Last year we noted that organizations were in the early stages of adopting Organizational Network Analysis (ONA) tools to measure followership and mentorship, as well as help leaders understand how teams and the company as a whole communicates.1 In 2019 we will see organizations transforming through the use of ONA, revealing the informal linkages that show how work actually gets done.
Organizational charts are helpful for understanding hierarchies and lines of reporting—but in fluid environments, no static org chart can capture how work gets done with any level of accuracy. ONA offers the opportunity to take workforce data and visualize the analysis and insights, with the ultimate objective of strengthening the connections that exist between employees and removing barriers to productivity. Moving forward, we see ONA tools being leveraged in three key areas.
ONA will drive deeply accurate insight into organizations
In its most simplistic definition, Organizational Network Analysis generates a map of an organization’s nodes and ties. Nodes represent the job roles, and ties the communication events, or interactions, going on at work. Understanding how the actual connections in an organization supplement org structure and operating models is critical to a cohesive strategy and beneficial company culture.
Furthermore, ONA allows leaders to take a deep look at processes—for example, how to get a report approved. What are all the communications required to make approval happen? What work needs to be done before a report goes into the process? What are the informal interactions between team members, and between teams in different units of the organization, that affect report creation? These informal processes can be just as important as official channels.
ONA will help organizations understand their team of teams
A “team of teams” is a fluid org chart that does away with traditional hierarchical structure. In this model, different teams come together to solve business issues, which can include creating cross-functional teams that take people outside of their structured roles. These situations might have people managers working at the individual level on special projects, and individual contributors working as elected leaders on a team for the duration of a process or project.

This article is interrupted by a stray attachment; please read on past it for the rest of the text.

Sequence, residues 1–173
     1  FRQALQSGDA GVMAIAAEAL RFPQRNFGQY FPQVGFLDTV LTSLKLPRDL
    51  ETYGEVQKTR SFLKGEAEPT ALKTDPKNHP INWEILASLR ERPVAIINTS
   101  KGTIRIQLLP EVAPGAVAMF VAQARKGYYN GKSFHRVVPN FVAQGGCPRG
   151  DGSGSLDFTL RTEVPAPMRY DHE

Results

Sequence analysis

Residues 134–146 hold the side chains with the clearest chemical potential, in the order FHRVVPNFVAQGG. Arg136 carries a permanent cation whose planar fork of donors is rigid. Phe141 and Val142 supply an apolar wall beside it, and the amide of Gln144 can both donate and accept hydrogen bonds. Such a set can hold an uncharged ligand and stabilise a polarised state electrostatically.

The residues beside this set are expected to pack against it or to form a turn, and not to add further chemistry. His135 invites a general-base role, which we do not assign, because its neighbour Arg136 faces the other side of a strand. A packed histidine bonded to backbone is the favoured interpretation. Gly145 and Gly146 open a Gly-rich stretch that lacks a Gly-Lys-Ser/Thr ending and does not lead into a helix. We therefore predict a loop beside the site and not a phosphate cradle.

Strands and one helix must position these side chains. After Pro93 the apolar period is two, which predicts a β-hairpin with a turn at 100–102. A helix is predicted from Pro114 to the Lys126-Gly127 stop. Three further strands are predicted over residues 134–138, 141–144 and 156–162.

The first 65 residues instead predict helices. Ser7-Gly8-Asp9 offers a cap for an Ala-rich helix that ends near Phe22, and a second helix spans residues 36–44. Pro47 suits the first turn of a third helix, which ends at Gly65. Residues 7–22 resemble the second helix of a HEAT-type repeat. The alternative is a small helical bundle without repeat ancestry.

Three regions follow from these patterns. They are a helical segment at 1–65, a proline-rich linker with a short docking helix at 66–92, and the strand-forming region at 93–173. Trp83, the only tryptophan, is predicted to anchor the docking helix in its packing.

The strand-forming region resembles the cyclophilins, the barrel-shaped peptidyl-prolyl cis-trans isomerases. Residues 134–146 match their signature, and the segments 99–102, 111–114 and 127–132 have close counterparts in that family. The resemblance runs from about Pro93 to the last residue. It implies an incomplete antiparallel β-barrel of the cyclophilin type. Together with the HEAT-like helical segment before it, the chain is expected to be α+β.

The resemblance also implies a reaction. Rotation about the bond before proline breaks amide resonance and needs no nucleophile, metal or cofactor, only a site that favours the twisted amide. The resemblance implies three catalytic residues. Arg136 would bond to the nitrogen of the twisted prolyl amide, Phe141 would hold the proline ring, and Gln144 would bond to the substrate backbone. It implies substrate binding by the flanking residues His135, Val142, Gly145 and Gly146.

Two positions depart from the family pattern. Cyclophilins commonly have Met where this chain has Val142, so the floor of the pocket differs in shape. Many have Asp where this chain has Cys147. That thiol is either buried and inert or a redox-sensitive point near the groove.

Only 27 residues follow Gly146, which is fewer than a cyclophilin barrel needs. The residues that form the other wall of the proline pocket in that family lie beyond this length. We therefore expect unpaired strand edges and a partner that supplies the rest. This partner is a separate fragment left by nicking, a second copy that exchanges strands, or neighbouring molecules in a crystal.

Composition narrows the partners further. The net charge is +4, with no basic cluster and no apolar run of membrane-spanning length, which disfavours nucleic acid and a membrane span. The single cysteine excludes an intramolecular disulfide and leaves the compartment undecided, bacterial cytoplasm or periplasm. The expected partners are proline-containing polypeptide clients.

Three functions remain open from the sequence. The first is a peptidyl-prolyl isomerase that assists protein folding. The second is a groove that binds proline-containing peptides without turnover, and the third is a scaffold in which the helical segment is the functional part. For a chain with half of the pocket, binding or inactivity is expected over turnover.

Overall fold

The shift to team of teams is ongoing, and we expect to see it even more in 2019. Fortunately, ONA is well positioned to study this new organizational dynamic. Because ONA is visualized, fluid structures are more easily explained than the traditional organizational chart composed of boxes and arrows. Rather than explicating the command structures, ONA illuminates the relationships that drive how work actually gets done. Workforce transformation will evolve more easily as leaders gain the ability to identify influencers and implement change management visually.
ONA will inform how jobs are designed
Job roles are no longer static, and traditional job design strategies are expensive to implement. ONA allows for dynamic observations of how people interact to perform work. In fact, it lets leaders visualize communication events and essentially see how a project is going based on who is talking with whom, how the work is getting done, which nodes are the leaders, which nodes are interacting, and so on.
The exciting element here is that job design will be happening in the flow of work. As ONA digs into node behavior, it becomes clearer which activities are required for each role, minimizing the gap between job design and job-in-practice.
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